پنجشنبه، آبان ۰۷، ۱۳۸۳

they continue to look back



Jussi Vähämäki, ‎Ephemera, Controlling the ‎Multitude

[abstract]
The constitutive political problem in the knowledge society or ‎knowledge economy is basically the same as it was in the industrial capitalism: how to ‎govern, organize and control the labour force. What has happened in the last decades is ‎that the concept of labour force has lost more and more of its physical and biological ‎aspects. It has detached from its specific uses or ends and become, paraphrasing the ‎famous expression of Marx, a real abstraction. Today, the labour force is primarily a ‎mental category. And it is impossible to organize, control and locate mind through the ‎place it belongs to and thorough the deeds it does. The mental labour force does not have ‎strict spatial and temporal (linear) coordinates. This forces contemporary capitalism to ‎develop new kinds of tools (that) characterize the digital era: tools of mind (John Zysman). ‎These new tools focus directly on the elementary faculties of humans and not on their ‎performances or products. New tools of mind are developed to increase the efficiency of ‎the elementary faculties of the human mind and to control the use of these faculties. As ‎tools of mind they have to respect the abstract reality of the human mind, its spatial ‎boundlessness and its temporal endlessness (nonlinearity). They have to be abstract, but at ‎the same time these new tools have to have real efficiency to guide and control action and ‎reasoning. This article takes the concept of commonplace as a model to the new tools of ‎mind and tries to unfold some of the basic aspects of this linguistic real abstraction in the ‎knowledge economy and the mystical interconnection it has with the sensibly-concrete ‎that counts only as the form of appearance of the abstractly general. ‎‎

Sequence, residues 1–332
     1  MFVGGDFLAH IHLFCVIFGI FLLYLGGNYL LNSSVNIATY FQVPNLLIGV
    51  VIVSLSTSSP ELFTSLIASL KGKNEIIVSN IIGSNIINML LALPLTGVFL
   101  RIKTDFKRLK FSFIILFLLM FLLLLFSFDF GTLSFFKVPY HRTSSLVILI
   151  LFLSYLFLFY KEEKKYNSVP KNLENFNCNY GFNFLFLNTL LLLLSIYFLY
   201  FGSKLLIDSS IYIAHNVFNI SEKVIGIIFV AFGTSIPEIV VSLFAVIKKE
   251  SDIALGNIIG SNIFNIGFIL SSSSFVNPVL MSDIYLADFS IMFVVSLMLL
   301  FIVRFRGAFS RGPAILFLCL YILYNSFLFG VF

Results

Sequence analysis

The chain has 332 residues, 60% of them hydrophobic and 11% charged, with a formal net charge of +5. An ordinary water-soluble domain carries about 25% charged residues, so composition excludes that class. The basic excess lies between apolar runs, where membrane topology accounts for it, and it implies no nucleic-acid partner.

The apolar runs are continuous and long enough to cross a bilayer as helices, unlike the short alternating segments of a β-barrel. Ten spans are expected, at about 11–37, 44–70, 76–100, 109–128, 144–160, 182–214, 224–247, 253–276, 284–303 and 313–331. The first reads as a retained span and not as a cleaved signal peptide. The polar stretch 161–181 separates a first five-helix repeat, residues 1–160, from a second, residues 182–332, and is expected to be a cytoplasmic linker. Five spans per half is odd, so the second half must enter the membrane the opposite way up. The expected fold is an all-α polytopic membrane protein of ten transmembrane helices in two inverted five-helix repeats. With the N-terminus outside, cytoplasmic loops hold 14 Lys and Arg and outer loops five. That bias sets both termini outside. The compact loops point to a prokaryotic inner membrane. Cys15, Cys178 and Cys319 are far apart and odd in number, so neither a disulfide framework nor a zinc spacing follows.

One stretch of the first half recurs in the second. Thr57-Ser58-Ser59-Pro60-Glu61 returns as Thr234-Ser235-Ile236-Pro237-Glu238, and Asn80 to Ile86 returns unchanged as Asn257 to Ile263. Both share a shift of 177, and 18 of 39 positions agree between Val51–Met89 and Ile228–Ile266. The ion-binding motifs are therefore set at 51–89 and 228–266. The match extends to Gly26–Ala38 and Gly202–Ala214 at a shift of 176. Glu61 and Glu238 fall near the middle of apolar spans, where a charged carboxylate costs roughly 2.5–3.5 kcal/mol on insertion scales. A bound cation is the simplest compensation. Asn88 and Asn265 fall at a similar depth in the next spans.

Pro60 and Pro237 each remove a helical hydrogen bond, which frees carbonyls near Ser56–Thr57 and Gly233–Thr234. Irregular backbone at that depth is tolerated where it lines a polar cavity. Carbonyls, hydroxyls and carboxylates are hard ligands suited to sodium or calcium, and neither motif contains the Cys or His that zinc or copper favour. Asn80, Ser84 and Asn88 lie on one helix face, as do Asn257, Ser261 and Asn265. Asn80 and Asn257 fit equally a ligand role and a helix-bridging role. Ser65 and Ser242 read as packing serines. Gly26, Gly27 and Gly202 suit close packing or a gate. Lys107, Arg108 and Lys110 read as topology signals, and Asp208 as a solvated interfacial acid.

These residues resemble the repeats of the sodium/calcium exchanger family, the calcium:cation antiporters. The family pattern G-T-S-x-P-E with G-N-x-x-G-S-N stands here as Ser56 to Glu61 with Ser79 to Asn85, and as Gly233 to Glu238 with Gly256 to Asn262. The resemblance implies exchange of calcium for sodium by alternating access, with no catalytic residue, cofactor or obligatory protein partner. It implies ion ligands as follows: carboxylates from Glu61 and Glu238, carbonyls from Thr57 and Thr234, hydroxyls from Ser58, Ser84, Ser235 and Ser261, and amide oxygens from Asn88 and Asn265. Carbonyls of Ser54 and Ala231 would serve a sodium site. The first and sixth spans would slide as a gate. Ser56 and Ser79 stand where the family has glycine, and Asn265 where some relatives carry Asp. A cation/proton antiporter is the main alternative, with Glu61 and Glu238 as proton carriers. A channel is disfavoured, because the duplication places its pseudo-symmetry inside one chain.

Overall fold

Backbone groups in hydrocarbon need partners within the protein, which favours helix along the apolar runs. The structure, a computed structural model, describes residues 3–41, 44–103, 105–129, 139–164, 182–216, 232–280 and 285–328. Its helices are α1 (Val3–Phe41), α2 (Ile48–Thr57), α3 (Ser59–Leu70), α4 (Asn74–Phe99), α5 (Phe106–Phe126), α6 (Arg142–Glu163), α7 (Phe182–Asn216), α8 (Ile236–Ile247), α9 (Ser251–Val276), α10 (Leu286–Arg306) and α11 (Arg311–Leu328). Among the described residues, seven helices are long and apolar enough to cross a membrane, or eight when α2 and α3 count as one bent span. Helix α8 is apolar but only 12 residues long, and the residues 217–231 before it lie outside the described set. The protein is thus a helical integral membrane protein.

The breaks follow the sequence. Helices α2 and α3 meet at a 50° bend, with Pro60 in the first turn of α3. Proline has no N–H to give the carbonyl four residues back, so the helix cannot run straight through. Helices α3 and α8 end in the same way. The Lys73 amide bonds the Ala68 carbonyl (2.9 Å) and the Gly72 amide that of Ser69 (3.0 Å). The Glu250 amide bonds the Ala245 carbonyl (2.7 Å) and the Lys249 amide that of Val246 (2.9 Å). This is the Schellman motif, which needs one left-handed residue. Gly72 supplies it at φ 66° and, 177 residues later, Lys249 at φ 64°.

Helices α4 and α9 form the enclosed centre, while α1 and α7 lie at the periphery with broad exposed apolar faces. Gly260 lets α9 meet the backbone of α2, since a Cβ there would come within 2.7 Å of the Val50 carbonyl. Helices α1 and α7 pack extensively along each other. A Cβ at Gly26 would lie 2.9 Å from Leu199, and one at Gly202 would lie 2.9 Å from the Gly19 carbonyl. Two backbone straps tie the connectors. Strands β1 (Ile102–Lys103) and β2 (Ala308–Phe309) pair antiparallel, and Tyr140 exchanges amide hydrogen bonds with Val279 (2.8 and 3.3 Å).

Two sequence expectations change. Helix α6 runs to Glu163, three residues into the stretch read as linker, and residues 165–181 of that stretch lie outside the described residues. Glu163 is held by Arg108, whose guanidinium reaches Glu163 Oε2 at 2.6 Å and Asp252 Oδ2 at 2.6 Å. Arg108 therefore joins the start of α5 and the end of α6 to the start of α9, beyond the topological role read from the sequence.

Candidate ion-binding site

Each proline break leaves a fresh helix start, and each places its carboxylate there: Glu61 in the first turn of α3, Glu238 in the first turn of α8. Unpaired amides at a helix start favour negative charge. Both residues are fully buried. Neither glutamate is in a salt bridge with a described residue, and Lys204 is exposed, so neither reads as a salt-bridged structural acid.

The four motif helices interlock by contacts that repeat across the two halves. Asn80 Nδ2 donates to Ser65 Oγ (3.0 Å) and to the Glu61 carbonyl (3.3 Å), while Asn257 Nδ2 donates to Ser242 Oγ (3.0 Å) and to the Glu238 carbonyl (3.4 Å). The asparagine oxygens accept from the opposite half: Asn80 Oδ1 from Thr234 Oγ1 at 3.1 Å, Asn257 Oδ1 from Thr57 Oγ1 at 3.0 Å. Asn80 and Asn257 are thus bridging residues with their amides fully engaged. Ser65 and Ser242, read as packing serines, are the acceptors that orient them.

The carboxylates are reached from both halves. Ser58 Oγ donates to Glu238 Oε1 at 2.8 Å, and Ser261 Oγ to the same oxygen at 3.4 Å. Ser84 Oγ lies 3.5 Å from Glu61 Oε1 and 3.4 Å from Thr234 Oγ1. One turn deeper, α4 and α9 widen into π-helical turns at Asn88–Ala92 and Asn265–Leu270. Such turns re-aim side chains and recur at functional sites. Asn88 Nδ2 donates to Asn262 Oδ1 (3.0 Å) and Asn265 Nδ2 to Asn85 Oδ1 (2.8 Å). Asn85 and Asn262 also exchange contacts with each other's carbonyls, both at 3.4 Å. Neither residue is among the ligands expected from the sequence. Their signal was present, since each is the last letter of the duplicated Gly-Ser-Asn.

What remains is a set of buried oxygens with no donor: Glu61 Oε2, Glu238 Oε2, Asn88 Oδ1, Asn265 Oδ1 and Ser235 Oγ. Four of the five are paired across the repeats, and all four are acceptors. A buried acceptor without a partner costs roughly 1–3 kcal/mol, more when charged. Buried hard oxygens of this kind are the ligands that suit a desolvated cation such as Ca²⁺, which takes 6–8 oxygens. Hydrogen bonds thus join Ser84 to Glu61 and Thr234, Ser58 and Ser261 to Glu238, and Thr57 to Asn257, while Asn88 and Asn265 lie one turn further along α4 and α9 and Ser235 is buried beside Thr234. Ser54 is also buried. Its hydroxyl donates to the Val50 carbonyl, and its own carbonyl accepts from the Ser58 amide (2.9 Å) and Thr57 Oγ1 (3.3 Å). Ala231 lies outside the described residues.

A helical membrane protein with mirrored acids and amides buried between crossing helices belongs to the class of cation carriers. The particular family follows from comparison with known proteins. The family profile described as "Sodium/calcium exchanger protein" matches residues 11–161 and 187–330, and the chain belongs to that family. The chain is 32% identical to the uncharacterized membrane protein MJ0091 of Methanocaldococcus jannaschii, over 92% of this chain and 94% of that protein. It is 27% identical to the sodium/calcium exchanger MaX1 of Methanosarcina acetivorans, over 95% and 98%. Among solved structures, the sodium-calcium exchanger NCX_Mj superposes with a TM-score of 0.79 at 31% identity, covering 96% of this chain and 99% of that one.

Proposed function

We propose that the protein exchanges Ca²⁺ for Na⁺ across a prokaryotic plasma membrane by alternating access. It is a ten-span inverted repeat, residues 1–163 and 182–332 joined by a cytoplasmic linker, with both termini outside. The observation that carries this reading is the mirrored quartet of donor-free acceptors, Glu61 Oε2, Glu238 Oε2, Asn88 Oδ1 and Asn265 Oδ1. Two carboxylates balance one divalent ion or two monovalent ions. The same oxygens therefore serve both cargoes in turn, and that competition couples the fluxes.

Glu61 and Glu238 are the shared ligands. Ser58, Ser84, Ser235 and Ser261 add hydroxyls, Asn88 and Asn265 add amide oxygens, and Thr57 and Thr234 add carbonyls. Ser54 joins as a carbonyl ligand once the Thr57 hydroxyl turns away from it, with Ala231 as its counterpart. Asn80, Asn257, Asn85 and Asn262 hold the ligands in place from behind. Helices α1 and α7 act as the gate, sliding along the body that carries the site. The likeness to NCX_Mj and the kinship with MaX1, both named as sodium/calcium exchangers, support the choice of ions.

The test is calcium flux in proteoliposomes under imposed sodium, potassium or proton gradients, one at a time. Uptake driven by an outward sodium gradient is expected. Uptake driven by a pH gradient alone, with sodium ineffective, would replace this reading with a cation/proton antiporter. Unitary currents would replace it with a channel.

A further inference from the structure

[excerpt]

If the basic political problem during industrial capitalism and ‎Fordist society was physical control of labour force in definite places like the factory and ‎its (biological) protection in the Welfare State, in the knowledge society this problem is ‎how to govern and control a labour force that is mental, immaterial and communicative and ‎exists only as knowledge in time. To control boundless, amorphous and restless mind, ‎modern capitalism needs to occupy its whole environment.

The vagueness of ‎knowledge production means that the arkhe of organizing in contemporary economy is ‎deficit of information. It is from this deficit of information that the new methods of ‎organizing and controlling work and production grow in contemporary society. Using the ‎expression of Gilles Deleuze, they do not mould action, but they model it. This means that ‎new tools of the mind are basically mimetic or imitative in their nature.

Control is ‎exercise of power as a mental attitude which has become public opinion. It is not at all ‎necessarily disciplinary or, as Gilles Deleuze says: